Ford's (NYSE:F) stock is turning the right corner this morning, following better than expected Q1 results. The company earned a pretax profit of 41 cents, beating the 37 cents analyst estimate. Revenue rose to $35.8 billion from $32.4 billion, fueled by growth in sales in U.S. and China; Europe was a drag.
Ford's sales growth in a sluggish world market environment reflects the company's relentless efforts to cut cost and improve quality. Most notably, churning out new models that have captured consumer interest. One of its models, the Ford Focus, reclaimed the title as the world's top-selling car, while another of its models - the New Fusion - is closing in on Toyota's (NYSE:TM) Camry. Nevertheless, its stock has been range bound. What should investors do?
It depends on the investment horizon of each individual investor. Short-term oriented investors may want to take profits as the stock rallies. Long-term investors should stay with the stock for five reasons: First, the doubling of its quarterly dividend, from 5 to 10 cents per share, an appealing proposition for today's low interest rate environment.
Second, Ford is seeing an improvement in economic fundamentals. With improving quality and the introduction of new models, Ford has been benefiting from a broader recognition of its brand - Ford's 2013 Fusion was named Car of the Year by AOL Autos. The company has further expanded its overseas presence, especially in China, where it is the largest foreign company. It is also expected to benefit from the backlash of the territorial disputes between Japan and China.
Third, the company is seeing improving financial fundamentals, especially in its profit margins. Ford was the only American automobile company that didn't receive government money during the 2008 crisis. Last year, both S&P and Fitch raised Ford's credit rating.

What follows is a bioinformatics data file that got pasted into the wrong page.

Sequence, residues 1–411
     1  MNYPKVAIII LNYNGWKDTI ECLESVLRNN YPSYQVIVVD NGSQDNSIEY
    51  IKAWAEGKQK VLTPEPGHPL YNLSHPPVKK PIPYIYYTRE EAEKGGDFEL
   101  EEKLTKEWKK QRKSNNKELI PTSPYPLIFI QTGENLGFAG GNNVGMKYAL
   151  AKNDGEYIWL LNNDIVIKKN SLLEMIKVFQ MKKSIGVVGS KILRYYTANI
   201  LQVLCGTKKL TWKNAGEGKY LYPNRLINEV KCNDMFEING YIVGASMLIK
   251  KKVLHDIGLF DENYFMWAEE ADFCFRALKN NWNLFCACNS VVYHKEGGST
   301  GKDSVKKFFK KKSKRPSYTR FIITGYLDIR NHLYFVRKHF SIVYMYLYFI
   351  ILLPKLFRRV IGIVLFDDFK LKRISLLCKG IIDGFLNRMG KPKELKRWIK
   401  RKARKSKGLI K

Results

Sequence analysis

Ford Motor Company
Quarterly Revenue Growth
Quarterly earnings growth
Operating cash flow
*Fye Dec 30, 2013; Source: Yahoo.Finance.com
Fourth, Ford has been very aggressive in addressing its European market woes by idling factories, cutting thousands of jobs, and taking a $3 billion charge over the next two years.
Fifth, the introduction of new more-fuel efficient products that cater to different segments of the global economy, including the all-new Ford Fusion and Mondeo, Escape and Kuga, EcoSport in South Africa, and B-Max in Europe.
A few words of caution: Automobile stocks are highly cyclical. This means they are exposed to fluctuations in the global economy. That's why I would constantly keep an eye to the fragile global recovery, especially in Europe where even France and Germany seem to be headed for a contraction rather than an expansion.
Disclosure: I am long F. I wrote this article myself, and it expresses my own opinions. I am not receiving compensation for it (other than from Seeking Alpha). I have no business relationship with any company whose stock is mentioned in this article.